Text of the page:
Penalties for Contravention


The provisions of the Act will apply in any case of infringement of the Rules, consequently, e-commerce entities may be obligated to comply with relevant sanctions and directions by the authorities. Non-compliance with such directions may result in fines or imprisonment. The E-Commerce Rules also incorporate requirements under the Legal Metrology Rules and other applicable laws and in the absence of any clarity, penalties under the aforementioned legislations may also be levied from the e-commerce entity in case of non-compliance.


Identifying the Probable Shortcomings of the Act


The Rules have not covered some important issues which are needed to be looked over again. One of them being the data protection of consumers particularly related to financial and banking details, as this is a prevalent issue relating to threat in infringement of cybersecurity and data privacy. The Rules did not mention any provision regarding the consequences of infringement of Right to Privacy which has been granted as a fundamental right.


Furthermore, the Rules are silent on a very relevant issue which could lead to various problems in the future, that is regarding jurisdiction of the foreign based e-commerce entities. Subsequently, in the matter of conflict of interest among e-commerce entities or between the customer and e-commerce entity, the ambiguity of the jurisdiction can emerge as a great problem.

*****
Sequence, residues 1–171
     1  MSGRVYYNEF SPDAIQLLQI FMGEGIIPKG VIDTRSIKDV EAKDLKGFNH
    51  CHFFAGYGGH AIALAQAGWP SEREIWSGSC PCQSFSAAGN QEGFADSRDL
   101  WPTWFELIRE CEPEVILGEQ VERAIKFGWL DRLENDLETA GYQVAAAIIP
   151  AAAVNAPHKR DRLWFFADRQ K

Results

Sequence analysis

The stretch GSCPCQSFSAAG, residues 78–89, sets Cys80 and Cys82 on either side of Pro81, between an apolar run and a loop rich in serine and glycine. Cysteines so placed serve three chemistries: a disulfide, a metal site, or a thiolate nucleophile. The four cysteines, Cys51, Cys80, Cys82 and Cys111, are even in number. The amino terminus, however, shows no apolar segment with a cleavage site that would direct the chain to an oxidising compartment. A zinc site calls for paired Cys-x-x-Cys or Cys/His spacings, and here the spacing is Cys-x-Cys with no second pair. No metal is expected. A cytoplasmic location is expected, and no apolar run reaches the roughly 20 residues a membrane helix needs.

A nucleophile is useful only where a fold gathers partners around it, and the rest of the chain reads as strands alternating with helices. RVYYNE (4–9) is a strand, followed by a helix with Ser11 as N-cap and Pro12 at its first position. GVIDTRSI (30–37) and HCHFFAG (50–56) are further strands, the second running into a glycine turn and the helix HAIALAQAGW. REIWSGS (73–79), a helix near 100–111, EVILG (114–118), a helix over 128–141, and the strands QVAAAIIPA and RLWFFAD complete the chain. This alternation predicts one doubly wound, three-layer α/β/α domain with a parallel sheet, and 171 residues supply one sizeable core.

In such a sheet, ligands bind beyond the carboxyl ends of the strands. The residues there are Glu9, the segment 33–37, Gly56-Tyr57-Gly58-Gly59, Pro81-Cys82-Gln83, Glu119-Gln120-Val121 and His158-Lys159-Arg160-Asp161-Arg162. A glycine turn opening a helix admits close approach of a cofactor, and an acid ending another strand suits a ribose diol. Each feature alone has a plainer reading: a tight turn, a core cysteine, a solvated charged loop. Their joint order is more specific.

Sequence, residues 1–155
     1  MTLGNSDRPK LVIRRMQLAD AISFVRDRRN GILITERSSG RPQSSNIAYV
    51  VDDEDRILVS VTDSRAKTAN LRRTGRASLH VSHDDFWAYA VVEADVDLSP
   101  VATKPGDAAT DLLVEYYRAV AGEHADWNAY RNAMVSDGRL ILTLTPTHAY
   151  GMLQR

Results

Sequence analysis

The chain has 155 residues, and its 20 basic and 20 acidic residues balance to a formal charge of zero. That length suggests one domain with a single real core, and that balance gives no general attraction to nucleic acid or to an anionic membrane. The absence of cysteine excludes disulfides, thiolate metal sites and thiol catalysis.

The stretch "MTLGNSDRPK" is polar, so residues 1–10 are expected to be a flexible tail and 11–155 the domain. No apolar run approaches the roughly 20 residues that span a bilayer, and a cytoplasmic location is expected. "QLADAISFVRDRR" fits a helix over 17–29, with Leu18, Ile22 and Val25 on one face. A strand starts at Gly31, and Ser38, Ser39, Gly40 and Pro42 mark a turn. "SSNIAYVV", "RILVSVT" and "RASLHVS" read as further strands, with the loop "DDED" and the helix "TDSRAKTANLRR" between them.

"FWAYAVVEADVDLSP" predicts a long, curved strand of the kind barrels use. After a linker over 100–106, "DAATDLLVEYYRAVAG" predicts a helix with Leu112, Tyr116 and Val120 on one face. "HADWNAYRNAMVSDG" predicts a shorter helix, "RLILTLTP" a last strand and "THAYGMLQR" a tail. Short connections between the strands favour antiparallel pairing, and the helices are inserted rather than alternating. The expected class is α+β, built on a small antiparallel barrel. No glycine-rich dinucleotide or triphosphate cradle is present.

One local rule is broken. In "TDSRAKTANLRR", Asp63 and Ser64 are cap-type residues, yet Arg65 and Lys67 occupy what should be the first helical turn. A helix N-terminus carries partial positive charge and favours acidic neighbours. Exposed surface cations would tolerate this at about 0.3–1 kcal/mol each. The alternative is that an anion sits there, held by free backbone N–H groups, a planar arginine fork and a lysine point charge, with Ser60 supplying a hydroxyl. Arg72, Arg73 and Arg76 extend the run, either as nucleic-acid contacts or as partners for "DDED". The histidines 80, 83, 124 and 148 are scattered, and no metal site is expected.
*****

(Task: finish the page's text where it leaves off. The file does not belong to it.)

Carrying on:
Additionally, the Rules mandate huge compliance of Grievance Redressal Mechanism and to comply with the same can probably be troublesome for the start-ups and new small businesses, like graduate students and housewives who tend to sell their products online. Such sort of home growing business is not equipped with such infrastructural resources and usually have a middleman for business. The Rules fail to mention about the cap or restriction on the heavy delivery charges imposed on the e-commerce entities. The Rules should specifically state the delivery charge for different ranges of products.


Conclusion


The Rules are brought with a view to develop efficiency and uniformity in the e-commerce trading business throughout the country. Prior to this, the area was not governed by any specific legal framework, thus there was an urgent need to regulate this in respect of the notion of consumer protection. These Rules have the potential to solve many problems pertaining to e-commerce transactions and is a relevant inception in the prevalent time due to rise in the buying and selling through technology.